## Confidence Ellipses

To learn more about correlations in the data,
add a scatter plot matrix with confidence ellipses
for all of the variables under consideration.
| Choose **Curves:Confidence Ellipse:Prediction: 80%**. |

**Figure 18.6:** Curves Menu

The lower half of the scatter plot matrix for the six
variables appears on your display with the 80% prediction
confidence ellipses drawn, as shown in Figure 18.7.

**Figure 18.7:** Multivariate Window with Confidence Ellipses
There are two ways to interpret the ellipses:
as confidence curves for bivariate normal
distributions and as indicators of correlation.

As confidence curves, the ellipses show where
the specified percentage of the data should lie,
assuming a bivariate normal distribution.
Under bivariate normality, the percentage of
observations falling inside the ellipse should
closely agree with the specified confidence level.
You can examine the effect of increasing or decreasing
the confidence level by adjusting the slider in the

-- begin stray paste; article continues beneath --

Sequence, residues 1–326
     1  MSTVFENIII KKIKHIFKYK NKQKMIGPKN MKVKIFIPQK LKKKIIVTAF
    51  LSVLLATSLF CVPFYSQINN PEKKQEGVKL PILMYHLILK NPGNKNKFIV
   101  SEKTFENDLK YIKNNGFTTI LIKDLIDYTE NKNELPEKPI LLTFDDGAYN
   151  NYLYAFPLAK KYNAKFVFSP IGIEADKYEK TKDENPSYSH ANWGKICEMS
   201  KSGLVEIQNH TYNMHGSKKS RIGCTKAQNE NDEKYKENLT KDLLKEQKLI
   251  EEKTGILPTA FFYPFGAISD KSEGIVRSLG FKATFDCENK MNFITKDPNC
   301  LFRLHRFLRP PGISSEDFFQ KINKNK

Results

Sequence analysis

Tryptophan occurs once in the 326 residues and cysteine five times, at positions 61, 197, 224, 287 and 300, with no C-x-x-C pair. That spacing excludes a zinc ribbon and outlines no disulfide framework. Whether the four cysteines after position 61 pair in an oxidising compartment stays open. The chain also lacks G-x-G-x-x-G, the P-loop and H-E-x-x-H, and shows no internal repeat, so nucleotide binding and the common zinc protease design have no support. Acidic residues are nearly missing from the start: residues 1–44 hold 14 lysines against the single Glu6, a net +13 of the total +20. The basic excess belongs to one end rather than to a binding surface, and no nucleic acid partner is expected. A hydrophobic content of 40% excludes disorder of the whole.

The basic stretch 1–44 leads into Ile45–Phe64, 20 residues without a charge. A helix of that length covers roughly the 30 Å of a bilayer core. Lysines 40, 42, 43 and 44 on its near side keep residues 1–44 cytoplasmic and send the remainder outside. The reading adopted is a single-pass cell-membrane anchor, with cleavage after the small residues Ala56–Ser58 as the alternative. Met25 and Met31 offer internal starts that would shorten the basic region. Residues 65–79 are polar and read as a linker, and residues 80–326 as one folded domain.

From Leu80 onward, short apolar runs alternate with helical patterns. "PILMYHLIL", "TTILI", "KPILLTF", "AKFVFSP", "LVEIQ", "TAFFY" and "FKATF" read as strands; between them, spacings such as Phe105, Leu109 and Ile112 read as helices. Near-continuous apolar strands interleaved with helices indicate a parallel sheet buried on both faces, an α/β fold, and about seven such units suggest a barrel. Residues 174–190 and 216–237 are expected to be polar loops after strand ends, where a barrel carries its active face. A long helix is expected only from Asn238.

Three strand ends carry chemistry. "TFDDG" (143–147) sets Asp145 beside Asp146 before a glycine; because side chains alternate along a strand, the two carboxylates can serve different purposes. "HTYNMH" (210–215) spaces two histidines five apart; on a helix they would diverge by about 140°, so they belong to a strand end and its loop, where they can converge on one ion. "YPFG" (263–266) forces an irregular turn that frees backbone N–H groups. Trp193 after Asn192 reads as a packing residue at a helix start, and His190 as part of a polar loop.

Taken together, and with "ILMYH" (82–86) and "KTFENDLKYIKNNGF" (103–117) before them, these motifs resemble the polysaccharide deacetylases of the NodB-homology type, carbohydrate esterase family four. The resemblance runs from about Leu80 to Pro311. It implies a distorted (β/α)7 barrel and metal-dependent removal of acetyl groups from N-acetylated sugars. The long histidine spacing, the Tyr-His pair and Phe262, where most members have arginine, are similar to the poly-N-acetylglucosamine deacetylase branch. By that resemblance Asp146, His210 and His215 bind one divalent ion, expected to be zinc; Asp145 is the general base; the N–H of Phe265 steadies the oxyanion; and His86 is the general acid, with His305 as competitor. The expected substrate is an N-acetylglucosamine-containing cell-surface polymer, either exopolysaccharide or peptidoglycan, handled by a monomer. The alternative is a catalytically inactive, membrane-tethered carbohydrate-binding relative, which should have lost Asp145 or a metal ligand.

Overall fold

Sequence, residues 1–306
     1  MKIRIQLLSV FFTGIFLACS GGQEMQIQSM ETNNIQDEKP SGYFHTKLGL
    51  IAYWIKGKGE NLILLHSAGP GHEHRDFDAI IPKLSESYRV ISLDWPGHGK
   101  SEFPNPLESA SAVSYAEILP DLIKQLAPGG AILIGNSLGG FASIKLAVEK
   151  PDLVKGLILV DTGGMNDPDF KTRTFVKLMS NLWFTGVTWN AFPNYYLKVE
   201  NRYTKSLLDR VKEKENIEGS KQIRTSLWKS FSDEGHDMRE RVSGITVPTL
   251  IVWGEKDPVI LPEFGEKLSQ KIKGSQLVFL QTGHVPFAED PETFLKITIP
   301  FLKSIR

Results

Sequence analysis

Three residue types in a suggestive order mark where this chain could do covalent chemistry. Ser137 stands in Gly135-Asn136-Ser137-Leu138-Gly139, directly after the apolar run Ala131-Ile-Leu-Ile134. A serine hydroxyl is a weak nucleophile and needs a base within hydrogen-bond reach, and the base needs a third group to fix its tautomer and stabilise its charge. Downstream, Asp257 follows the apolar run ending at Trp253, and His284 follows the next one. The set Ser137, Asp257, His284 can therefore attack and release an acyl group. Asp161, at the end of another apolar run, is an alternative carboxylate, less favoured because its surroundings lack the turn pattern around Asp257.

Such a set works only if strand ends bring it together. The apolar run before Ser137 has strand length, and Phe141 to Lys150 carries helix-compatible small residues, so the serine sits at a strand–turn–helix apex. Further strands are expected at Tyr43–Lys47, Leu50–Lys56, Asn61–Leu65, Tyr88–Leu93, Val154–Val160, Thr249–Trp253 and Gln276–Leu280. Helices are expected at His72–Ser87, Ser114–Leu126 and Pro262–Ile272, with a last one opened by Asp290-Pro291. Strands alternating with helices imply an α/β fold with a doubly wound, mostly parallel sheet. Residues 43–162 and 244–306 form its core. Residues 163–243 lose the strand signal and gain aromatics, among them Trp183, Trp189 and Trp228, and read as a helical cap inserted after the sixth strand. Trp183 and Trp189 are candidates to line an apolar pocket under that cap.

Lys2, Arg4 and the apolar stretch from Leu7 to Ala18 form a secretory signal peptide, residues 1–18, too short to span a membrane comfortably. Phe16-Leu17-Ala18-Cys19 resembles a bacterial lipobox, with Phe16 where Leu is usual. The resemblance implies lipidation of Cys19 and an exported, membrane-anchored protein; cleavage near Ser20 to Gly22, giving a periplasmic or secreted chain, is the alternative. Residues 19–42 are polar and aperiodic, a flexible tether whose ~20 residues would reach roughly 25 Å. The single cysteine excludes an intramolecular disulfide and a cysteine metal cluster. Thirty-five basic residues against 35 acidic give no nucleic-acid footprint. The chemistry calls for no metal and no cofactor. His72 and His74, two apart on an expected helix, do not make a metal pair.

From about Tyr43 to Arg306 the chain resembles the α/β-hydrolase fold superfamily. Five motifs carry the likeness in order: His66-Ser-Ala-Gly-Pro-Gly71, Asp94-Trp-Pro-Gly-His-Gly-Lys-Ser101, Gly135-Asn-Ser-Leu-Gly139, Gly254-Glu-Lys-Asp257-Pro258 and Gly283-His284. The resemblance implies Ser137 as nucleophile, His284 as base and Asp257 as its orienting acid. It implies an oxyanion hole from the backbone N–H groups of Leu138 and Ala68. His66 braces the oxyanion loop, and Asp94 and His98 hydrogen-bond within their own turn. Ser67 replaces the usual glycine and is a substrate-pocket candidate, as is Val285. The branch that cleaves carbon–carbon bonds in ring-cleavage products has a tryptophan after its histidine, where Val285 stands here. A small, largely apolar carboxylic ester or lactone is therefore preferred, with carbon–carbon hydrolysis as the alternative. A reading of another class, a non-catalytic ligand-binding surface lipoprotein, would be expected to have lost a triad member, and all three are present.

**Confidence Ellipses** table below the scatter plot matrix.

Confidence ellipses can also serve as
visual indicators of correlations.
The confidence ellipse collapses diagonally as the
correlation between two variables approaches 1 or -1.
The confidence ellipse is more circular
when two variables are uncorrelated.

In this case the scatter plots for high school scores
(**HSM**, **HSS**, and **HSE**) show a granular appearance
that indicates the data are not continuous.
These scatter plots clearly do not follow a
bivariate normal distribution; therefore, it is
not appropriate to interpret confidence ellipses.

The confidence ellipses for **GPA**, **SATM**,
and **SATV** can be interpreted.
These confidence ellipses contain observations
appropriate to the 80% confidence level you specified.
The nearly circular appearance of the confidence ellipse
in the plot of **GPA** versus **SATV** reflects the small
correlation you observed in the **Correlation Matrix**
table. The ellipse in the plot of **GPA** versus **SATM**
is somewhat more elongated, reflecting a higher correlation.

Note | Visual interpretation of correlations can be subjective because changes in scale
affect your perception (Moore and McCabe 1989).
When examining correlations, you should use
correlation coefficients as well as confidence ellipses. |

Related Reading | Correlation Coefficients, Confidence Ellipses,Chapter 40. |

Copyright © 1999 by SAS Institute Inc., Cary, NC, USA. All rights reserved.